This plant is excellent all around - just don't eat the roots raw. They won't kill you, but they do have some anti-nutrients that are removed during cooking. FYI.

True story: the picture at the top of the little sweet potatoes in water was taken in my greenhouse this spring. I bought an organic "sweet potato assortment" in shrink-wrap at Publix. It was a total gimmicky thing with a few small different-colored roots in a row, selling for the ridiculous price of $2 and change, ready-to-microwave! I thought "heck with that - I can grab about 5 cultivars of sweet potato in one fell swoop and PLANT THEM!"

So I did, and had some very interesting varieties growing in the garden this year. The picture to the above right was most of this year's harvest. God is good! (And sweet potatoes aren't half bad either.)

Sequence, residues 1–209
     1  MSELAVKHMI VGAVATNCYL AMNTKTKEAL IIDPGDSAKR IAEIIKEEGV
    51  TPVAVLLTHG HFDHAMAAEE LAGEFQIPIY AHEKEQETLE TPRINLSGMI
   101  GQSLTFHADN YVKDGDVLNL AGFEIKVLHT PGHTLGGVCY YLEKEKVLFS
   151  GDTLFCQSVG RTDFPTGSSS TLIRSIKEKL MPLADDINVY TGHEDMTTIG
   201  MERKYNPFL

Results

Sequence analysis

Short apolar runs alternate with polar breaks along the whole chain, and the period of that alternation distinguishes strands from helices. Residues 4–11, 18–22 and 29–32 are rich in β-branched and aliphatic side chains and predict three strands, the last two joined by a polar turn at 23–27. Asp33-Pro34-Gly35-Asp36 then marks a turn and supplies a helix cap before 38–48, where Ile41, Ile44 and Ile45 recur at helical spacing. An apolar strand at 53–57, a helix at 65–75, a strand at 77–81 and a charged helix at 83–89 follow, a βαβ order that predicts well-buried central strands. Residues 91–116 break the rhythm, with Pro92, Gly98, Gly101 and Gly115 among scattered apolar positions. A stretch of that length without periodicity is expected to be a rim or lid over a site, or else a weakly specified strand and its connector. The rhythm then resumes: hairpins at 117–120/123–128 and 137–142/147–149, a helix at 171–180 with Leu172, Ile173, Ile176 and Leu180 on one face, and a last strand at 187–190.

SPUDOMETER RATING:



5 Spuds!

Name:Sweet potato
Latin Name: Ipomoea batatas 
Type: Vining perennial
Size: Vines easily crawl 15-25'
Nitrogen Fixer: No
Medicinal: No
Cold-hardy: No
Exposure: Full sun/part shade. Lots of sun is the best.
Part Used: Roots, leaves
Propagation: Slips, cuttings, roots
Taste: Excellent
Method of preparation: Roots cooked, leaves raw or cooked
Storability: Excellent
Ease of growing: Easy
Nutrition: Excellent
Recognizability: High
Availability: High

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8 Comments:

At July 8, 2013 at 12:33 AM , Blogger CSM said...

Are sweet potatoes perennial as far north as Ocala? And do you have any info on their resistance to root knot nematodes?

I just found this blog and am thoroughly enjoying reading about these crops from a Florida perspective. What zone are you in?

 
At July 8, 2013 at 8:31 AM , Blogger Survival Gardener, AKA David the Good said...

Thanks for stopping in.

Yes - they're a perennial here, though they die back a lot in the winter. I've got them planted here and there through my front yard and they've been coming back for a couple of years. Unfortunately, this far north they're not nearly as impressive as they are further south. It's a better annual crop here than perennial, in my experience. Though - that said - I had it occasionally come back from the roots in the spring when I lived in TN. My deep mulch beds probably helped.